• In Andhra Pradesh, more than 5000 farmers participated in anti-GM rallies, while others took place in over 50 villages in the Medak district.

  • 150 farmers marched for 4000km through 5 Indian states, and talked to around 52, 000 other farmers about seed sovereignty and the problems with GM.19

  • Death Procession of bt brinjal in Madhya Pradesh More than 250 people took part in a protest meeting in Hyderabad, including those who suffered losses with Bt cotton, those who had experienced allergies while working in Bt cotton fields, those who had lost their livestock that grazed on Bt cotton and also scores of farmers who practice ecological farming.

  • In Madhya Pradesh, around one thousand farmers took part in a "funeral procession" of Bt Brinjal.

  • In Orissa, the Coalition for GM-Free Orissa submitted a petition signed by more than 30 000 farmers, intellectuals and activists in the state to the Minister for Agriculture. In Bhubaneswar, the state capital of Orissa, more than 5000 people joined in a rally exhibiting more than 500 indigenous paddy varieties to highlight the variety of rice species that was in danger of being lost and demanding that Orissa become a GM-free, organic state.20


  • Angry farmers' unions burnt trial plots of GM rice in two northern Indian states. The protesters alleged that an Indian company leased the farmers' plots for trials without explaining the full implications of GM crops to them.21

  • The 'Coalition for GM free India' was formed, uniting individuals and organisations from over 15 states. The coalition aims to create informed debate on the issue, and believes that use of farmers' own knowledge, especially with regards to ecological farming, is the way towards sustainable agriculture in India.22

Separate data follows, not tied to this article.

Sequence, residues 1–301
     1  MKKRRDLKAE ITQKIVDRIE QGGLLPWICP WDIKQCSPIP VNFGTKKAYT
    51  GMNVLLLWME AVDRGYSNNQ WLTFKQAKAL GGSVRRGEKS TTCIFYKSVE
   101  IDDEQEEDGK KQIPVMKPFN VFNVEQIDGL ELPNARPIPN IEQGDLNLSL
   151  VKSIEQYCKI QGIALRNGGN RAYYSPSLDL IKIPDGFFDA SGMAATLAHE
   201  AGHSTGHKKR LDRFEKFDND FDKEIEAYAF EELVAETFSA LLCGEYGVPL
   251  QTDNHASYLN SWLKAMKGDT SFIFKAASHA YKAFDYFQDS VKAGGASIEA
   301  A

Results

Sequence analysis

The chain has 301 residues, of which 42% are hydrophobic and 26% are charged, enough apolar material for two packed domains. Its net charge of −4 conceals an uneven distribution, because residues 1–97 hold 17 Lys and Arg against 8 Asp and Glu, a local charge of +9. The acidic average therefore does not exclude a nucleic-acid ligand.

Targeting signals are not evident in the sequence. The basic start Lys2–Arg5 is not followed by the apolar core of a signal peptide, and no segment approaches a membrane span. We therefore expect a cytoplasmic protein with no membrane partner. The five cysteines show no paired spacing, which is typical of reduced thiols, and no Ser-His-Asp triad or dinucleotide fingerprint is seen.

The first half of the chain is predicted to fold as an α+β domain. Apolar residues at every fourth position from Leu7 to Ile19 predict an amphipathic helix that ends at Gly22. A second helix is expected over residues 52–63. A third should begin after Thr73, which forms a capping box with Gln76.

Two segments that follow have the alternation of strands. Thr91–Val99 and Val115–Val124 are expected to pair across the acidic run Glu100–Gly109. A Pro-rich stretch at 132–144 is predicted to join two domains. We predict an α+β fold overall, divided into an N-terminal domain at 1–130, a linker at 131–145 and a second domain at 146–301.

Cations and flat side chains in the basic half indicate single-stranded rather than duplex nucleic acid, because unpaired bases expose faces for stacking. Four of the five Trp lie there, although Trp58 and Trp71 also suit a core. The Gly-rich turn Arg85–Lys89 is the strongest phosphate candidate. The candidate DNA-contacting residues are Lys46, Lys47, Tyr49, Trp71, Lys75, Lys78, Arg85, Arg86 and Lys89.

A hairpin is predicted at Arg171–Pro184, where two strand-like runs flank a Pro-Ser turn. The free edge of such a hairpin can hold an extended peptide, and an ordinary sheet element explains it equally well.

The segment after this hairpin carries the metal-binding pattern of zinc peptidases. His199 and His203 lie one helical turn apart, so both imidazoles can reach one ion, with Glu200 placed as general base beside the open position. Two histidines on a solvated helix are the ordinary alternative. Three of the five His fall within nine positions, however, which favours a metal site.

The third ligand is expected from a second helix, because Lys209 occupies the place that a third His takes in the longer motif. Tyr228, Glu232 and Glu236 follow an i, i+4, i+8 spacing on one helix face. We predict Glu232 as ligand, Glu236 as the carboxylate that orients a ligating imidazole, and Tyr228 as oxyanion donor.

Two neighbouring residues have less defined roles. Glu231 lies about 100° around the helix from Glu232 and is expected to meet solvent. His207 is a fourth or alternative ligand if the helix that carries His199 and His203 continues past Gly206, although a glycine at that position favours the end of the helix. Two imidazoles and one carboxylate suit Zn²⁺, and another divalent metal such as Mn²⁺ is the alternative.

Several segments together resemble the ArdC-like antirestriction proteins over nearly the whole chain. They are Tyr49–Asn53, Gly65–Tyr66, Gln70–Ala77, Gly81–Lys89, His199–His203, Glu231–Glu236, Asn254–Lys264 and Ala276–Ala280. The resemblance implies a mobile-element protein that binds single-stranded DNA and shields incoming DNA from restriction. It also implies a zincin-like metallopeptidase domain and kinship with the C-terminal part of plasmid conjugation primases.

• 3000 women made a bonfire of hybrid and genetically modified seeds of cotton and other crops. Walking through the streets of the city, the women shouted slogans saying the GM seeds had pushed them into a cycle of poverty, indebtedness and hunger. They announced that they have already declared 200 villages in the tribal belt of the State as "organic villages" and are presently cultivating indigenous seeds in more than 17,000 acres in Orissa.23



Indonesia was the first country in south east Asia to permit planting of GM crops. Again, the crop in question was BT (insect resistant) cotton, and again it proved a disaster for farmers, with poor yields, high susceptibility to drought and a massive increase in the numbers of pests. The same company, a subsidiary of Monsanto, sold the seed to farmers and bought their harvests, and in 2002, this company simultaneously raised the price of seeds and reduced the price they paid for the harvests. Several farmers burnt their fields in protest, and refused to pay the money they owed, eventually leading to the ousting of Monsanto from the region.24 In 2005, Monsanto was found guilty of authorising a bribe paid by its subsidiary to the Indonesian government, and paid to pay a fine of $1.5million.25

Indra Lubis, part of a coalition of 13 Indonesian peasant unions with 900,000 members, explains that rejection of genetically modified seed and pesticides is about self-determination: 'With Monsanto, who have planted GM cotton in south Sulawesi, we'll have to depend on them for seed. They want to control cotton and food production. As peasants, we'll be made dependent on multinational corporations. But we are independent when we develop our own agriculture. We use our own productive system, with no chemical fertilizer or herbicides. We use local seeds and local fertilizer. In Indonesia we have so many varieties of seed. It is a deep part of our culture.'26